A grey-green Pixiecup with large squamules with white veined undersides and podetia with cups with corticate granules. The granules are largely confined to the inside of the cup with a mostly verrucose outer surface. Found in sheltered and humid locations on acid mossy rocks and the trunks of older trees. Under recorded but likely to be frequent in the upland and scattered and infrequent in the lowlands. A Notable species.
Podetia to 0.8 cm tall, gradually tapering to form a cup, coarsely corticate-granular within, ± smooth to verrucose outside; marginal proliferations infrequent but intricate and baroque when well-developed. Basal squamules dominant, 5–10 mm diam., ± rounded, indented, sometimes flat, often upwardly recurved at the margins and becoming ± erect when dry; upper surface grey-green; lower surface white with raised, frequently with palmately arranged white to yellow-brown veins radiating from their point of attachment. Apothecia and pycnidia brown, on scyphus rims. Apothecia very rare; pycnidia frequent. Thallus C–, K–, KC–, Pd+ red, UV– (fumarprotocetraric acid).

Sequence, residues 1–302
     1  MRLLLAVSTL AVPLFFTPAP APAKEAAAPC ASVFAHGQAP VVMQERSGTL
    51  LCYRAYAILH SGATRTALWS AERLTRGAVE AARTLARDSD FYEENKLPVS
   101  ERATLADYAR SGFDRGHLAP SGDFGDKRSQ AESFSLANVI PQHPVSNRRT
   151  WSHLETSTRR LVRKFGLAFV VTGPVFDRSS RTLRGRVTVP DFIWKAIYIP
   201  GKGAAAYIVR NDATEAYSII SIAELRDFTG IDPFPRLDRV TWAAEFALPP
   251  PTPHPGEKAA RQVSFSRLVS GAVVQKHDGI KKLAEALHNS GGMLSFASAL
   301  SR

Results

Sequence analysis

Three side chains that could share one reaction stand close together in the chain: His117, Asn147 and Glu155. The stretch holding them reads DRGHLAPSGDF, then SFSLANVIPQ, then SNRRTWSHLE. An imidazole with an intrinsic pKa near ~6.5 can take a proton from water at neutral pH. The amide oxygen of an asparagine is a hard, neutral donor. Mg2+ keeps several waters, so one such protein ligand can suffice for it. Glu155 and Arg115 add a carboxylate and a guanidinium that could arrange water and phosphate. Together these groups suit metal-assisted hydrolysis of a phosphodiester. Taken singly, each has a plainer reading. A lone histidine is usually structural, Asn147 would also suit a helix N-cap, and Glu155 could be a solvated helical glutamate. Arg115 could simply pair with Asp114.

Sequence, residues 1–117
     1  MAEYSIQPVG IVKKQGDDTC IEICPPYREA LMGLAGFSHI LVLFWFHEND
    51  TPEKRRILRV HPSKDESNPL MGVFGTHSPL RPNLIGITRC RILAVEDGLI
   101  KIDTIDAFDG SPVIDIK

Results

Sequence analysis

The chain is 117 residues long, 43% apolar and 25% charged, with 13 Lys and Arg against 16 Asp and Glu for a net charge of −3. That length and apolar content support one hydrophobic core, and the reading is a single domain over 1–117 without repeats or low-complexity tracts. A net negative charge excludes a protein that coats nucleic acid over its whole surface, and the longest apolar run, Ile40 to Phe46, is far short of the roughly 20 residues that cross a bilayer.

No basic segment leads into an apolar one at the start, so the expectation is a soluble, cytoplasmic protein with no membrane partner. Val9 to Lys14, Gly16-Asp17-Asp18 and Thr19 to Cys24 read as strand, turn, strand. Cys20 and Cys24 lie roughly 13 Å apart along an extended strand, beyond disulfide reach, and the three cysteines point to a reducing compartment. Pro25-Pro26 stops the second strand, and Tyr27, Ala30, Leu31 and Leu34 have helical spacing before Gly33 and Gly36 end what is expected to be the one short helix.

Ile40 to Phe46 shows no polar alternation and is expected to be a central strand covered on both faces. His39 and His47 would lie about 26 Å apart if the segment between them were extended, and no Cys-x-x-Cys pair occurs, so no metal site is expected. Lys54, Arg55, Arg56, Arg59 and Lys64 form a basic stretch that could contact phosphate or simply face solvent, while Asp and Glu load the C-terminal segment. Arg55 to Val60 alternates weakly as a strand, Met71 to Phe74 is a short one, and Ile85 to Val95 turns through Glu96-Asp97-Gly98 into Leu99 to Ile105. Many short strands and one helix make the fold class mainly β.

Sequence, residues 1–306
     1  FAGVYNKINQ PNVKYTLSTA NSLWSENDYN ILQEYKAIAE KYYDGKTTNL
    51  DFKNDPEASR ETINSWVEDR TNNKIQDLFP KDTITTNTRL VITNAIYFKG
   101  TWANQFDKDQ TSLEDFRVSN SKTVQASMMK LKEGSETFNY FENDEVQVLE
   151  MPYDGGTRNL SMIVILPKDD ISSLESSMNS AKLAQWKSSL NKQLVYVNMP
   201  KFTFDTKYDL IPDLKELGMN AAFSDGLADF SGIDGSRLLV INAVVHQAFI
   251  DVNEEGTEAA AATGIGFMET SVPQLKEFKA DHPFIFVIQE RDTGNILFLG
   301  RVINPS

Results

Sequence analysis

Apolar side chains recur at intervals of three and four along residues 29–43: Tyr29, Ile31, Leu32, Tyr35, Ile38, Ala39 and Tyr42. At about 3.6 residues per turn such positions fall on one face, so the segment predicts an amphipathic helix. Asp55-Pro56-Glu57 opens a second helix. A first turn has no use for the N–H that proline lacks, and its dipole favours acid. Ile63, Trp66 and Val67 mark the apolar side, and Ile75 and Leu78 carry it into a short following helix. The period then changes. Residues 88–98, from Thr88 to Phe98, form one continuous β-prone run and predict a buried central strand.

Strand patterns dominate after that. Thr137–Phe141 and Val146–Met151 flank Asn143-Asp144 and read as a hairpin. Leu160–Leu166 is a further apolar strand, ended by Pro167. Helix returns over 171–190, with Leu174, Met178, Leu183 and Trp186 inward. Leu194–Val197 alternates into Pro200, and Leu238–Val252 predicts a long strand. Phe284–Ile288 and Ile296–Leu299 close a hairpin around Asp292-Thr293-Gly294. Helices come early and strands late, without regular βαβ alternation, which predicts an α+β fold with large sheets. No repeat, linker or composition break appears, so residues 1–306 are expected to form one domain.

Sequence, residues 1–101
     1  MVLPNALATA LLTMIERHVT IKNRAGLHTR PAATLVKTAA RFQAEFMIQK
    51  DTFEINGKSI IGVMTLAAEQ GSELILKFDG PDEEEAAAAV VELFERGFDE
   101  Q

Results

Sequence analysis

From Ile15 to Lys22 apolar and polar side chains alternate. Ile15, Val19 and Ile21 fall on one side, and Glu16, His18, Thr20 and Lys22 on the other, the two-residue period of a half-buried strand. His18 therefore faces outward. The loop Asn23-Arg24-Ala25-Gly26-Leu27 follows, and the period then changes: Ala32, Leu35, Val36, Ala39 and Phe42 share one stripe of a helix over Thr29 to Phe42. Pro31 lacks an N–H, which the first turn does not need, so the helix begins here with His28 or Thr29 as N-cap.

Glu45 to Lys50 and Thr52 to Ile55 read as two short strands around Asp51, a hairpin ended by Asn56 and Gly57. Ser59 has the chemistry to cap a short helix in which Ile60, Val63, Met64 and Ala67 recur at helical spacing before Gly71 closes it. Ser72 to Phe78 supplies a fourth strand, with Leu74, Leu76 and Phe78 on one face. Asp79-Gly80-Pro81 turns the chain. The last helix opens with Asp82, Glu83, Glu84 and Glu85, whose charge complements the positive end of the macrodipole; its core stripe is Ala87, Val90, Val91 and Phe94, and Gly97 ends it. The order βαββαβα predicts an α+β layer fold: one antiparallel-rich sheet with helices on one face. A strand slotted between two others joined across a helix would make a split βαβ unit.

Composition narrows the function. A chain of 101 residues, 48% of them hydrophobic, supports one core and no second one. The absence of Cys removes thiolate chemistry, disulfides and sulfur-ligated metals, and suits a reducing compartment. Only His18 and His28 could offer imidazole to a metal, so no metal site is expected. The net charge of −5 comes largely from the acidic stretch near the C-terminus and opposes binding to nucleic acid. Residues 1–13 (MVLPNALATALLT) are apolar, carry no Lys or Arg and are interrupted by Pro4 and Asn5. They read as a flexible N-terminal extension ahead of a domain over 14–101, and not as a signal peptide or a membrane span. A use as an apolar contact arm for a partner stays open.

When well-developed, characterized by the large squamules with pronounced radiating ± raised white to yellow-brown venation on the lower surface. Differs from C. pyxidata in having larger, veined, basal squamules, podetia with smaller corticate granules that are largely confined to the inside of the cup with a mostly verrucose outer surface. Cladonia pyxidata has frequent corticate granules on the podetia as well as inside the cup and small more dissected basal squamules. Stunted material on bark cannot be separated from poorly grown C. pyxidata, but the latter is confined to base-rich bark.
On damp mossy acid bark of older trees, miost fallen dead wood, especially large diameter fall Beech trunks once well rotted, and of damp, mossy non-calcareous rocks and walls, rarely on mossy ground or humus, usually near saxicolous or epiphytic habitats, mainly in hilly and montane districts, possibly only on older trees and woodlands in the lowlands.
Likely to be very under recorded so the full distribution unclear, but probably widespread and locally frequent in the uplands, but uncommon in the lowlands.
Pino-Bodas, R., Sanderson, N., Cannon, P., Aptroot, A., Coppins, B., Orange, A. & Simkin, J. (2021). Lecanorales: Cladoniaceae, including the genera Cladonia, Pilophorus and Pycnothelia. Revisions of British and Irish Lichens 19: 1-45. Link
Text by Neil A Sanderson, based on Pino-Bodas et al (2021)